I did try to sell the idea and even patent it to my previous employer “Innovation Department” which gave me the standard “we are not an IT business” and somehow that director thought IOT is health related only!, luckily one of the great minds there saw the conversation online ( Greg O’Toole ) and was super enthusiastic, he contacted me and we sprung into action, I did a blog on using the pi and a cloud backend and he did a full moving robot with the help of his daughter!. it was fun and then life took us into our different directions.

More than a year later, while listening to Cloud-Cast podcast on my way to work, the topic was voice-enabled apps and “oh no dear lord!” it is my idea, it seems Capital One has already started doing this, At first I had a mixed emotions, I was excited with the validation,  yet frustrated that I never got the glory of being first there, but as the day went on, I was just excited (wait till you see the cool stuff we are working on these days!) .

As my 4 years old who can not stop watching ‘Cars’ would say..

Ka-chow! 🙂


Beware The Software Developer Purge!


How many times have you heard that the world is running out of developers ?, and that usually is followed a few years later by the statement that developers will be extinct!.

I recall reading an article that Ronald Regan Star-Wars program created such a shortage in this new field called software development, I thought then that my Commodore 64 is not just my best teenage companion but may also be my ticket out of my small town in the south of Egypt and into the big shiny world!, only few geeks like me really cared about computers then.

But more than 10 years when I arrived in Canada, Microsoft certification was all the rage (second only to day trading), and everyone I know was in “IT”.

When the tech bubble busted in 2001, The market purged itself pretty well,  some of my motorcycle buddies who worked for Microsoft went back to being accountant, club bouncers, and managers, then the pendulum swung too much to the other side, and by 2007 if you were a software developer you were doomed, your job is going overseas, somewhere, somehow, someone decided writing software is something that should be done for 30$/hr. and nobody wanted to study software again. the dark ages of coding loomed!.

Those who were talented were pushed to the side, and yet there were still a lot of “Computer Blue Collar” jobs, you know?, the Unix Admins, the DB admins,the Operations guys, and , those guys that were still necessary to stay here (not overseas) and were hired by every government/bank/enterprise in the country.

Then in 2008 in the middle of that horrific economic gloom, Mr. Steve Jobs came up with a magical glass rectangle he called  an iPhone, and BOOM, software was back, big time, this time riding a waves of social media, Analytics, BigData, Cloud, IOT, FinTechs, smart homes, smart driving cars, and on and on.

Albeit 15 years late, the “New Economy” we dreamt in the 90s is here and suddenly if you are not in software you are losing big time, and while creating shortage in talent it did quite a trick on those “Blue Collar” IT jobs of the past 10 years, nobody wants Unix Admins anymore, those who were purged by the economy in 2001 were once again purged by technology in 2015 onwards, the cycle repeats!.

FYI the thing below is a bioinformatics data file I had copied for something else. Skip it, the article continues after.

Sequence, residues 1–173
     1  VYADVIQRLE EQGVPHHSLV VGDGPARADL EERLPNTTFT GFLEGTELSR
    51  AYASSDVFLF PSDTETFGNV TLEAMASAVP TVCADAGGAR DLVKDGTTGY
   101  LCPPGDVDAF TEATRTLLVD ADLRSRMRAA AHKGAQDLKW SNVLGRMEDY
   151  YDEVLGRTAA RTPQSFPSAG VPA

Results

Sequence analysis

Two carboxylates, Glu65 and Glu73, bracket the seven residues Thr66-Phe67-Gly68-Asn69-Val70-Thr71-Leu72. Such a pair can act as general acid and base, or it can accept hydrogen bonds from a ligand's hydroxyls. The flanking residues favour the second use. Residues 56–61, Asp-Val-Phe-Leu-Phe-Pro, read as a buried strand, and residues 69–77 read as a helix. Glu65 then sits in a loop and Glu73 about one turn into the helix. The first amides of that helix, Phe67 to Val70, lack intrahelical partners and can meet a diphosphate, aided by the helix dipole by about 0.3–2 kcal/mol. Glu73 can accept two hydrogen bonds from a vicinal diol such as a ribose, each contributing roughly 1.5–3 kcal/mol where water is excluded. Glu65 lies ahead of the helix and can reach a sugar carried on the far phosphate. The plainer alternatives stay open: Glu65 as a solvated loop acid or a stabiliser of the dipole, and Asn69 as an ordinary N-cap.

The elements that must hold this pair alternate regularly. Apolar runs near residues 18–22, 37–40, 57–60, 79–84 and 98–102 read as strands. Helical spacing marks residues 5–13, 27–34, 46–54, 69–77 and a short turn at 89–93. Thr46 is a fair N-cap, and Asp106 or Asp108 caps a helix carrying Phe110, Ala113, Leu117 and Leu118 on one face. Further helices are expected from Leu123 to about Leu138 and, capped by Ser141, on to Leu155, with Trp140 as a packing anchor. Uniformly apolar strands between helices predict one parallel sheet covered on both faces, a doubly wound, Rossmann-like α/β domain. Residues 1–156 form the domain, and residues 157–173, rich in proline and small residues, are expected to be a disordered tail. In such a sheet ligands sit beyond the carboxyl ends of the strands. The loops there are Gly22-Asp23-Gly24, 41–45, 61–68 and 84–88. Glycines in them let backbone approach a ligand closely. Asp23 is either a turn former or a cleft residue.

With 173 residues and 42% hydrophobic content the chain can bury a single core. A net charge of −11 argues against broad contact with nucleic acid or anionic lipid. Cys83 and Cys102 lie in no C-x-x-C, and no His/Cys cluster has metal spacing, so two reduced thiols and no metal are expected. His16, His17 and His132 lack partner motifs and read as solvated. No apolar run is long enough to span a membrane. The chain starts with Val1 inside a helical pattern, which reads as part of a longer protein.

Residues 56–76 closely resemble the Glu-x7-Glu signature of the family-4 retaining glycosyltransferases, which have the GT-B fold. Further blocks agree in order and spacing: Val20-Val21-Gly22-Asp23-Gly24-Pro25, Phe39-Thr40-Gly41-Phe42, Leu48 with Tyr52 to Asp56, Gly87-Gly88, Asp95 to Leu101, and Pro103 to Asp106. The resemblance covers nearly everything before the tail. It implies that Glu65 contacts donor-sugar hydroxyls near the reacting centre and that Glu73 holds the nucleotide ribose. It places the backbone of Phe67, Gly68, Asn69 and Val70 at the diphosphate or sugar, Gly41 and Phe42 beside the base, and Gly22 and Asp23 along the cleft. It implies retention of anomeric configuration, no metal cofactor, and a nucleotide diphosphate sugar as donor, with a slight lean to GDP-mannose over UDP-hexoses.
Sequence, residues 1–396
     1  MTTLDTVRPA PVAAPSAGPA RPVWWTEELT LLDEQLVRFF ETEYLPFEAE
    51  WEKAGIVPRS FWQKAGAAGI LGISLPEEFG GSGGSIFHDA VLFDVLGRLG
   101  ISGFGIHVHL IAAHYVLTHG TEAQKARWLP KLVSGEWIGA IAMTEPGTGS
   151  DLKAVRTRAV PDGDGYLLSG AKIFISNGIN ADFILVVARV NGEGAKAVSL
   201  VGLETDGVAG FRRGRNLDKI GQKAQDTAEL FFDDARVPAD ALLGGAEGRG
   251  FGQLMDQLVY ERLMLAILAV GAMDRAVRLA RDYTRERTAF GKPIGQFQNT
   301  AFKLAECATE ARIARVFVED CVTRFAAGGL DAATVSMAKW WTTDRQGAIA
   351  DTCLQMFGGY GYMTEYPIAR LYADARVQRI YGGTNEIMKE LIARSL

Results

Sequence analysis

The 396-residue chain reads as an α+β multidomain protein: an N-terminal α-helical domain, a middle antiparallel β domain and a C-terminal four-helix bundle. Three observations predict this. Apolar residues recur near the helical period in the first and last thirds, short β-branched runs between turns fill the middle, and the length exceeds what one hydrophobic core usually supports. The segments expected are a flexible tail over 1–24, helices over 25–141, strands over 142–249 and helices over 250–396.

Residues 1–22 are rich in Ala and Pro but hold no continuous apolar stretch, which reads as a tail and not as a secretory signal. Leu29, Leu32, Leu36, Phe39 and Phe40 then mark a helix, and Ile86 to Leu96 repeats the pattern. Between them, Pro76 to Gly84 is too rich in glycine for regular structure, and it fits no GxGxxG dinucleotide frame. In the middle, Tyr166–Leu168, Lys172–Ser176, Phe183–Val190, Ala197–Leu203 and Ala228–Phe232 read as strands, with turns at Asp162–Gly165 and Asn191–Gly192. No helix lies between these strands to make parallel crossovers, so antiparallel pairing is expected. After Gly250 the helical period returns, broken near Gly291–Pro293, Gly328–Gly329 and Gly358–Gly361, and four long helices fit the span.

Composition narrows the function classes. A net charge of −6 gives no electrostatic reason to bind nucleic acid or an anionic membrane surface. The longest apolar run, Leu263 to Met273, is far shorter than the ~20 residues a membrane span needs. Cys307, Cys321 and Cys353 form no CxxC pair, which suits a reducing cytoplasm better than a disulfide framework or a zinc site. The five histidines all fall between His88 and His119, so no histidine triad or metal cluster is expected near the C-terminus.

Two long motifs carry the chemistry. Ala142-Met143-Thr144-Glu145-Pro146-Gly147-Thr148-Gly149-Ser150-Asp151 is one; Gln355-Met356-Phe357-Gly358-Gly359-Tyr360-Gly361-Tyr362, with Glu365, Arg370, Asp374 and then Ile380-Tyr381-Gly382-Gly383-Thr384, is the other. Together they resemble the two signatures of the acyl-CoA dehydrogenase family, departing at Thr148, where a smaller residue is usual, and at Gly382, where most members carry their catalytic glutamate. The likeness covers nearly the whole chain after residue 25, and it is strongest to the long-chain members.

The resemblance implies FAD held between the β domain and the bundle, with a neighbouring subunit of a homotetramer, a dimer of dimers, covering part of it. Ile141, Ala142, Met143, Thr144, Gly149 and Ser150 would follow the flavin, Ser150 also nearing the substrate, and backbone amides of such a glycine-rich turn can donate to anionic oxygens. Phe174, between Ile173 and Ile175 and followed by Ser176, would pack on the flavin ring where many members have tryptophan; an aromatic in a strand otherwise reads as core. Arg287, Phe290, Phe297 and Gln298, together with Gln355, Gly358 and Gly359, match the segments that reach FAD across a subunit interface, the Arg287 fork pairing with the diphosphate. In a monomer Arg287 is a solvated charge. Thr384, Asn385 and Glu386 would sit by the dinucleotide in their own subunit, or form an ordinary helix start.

Coding (Software Engineering) is funny this way, it is a science you can argue, but it is deeply rooted in talent, so while the schools are churning larger and larger numbers of Software Engineers, that does not really mean an increase in talent, it just means we are preparing the next generation of IT blue collar workers, and if history is a judge, eventually something will happen and only those talented will stay.

I feel truly privileged to be alive in this environment where I a am surrounded by talented people at my work, I love being with them, and in all honesty some of them do not appreciate it as they have not lived the dark years of the post tech-boom and financial collapse!.

Software maybe popular these days, it may become (though highly unlikely) less popular in the future, but for the few who truly enjoy working with it, it will never be a comfortable blue collar job, it will always be a passion and joy.

Much as my Commodore 64 was!.



Beware, The one handed Architect.

Beware, The one handed Architect.

Give me a one-handed economist! All my economics say, ”On the one hand? on the other.”
Harry S. Truman

That was a frustrated U.S. president dealing with Economists on issues like balancing the budget or running deficits, raising or lowering taxes, spending more or spending less, each of those choices brings benefits and each of which has some dangerous downfalls.

The key to a successful economy is not making one choice vs. another but to rather find a balance, oh wait.. scratch that.. it is to “make a good guess” for a balance, apply it, monitor carefully and keep rebalancing.

These days I am going through the amazing and exhilarating experience of leading a team into deploying our first Big-Data solution (side note, I fully understand that the words data lake and big data for software now are as corny as taking walks by the beach for dating sites !).

In this experience we are trying to strike a balance between Agile methodology, and the existing (two speed) Enterprise, between Data and MicroServices, between Batches, Micro Batches and Data Stores, every thing we do is a learning experience, and being almost-agile meant a whole lot of learning and re-learning, for everybody, Developers, Managers, Tech Leads, Senior leadership and Customers.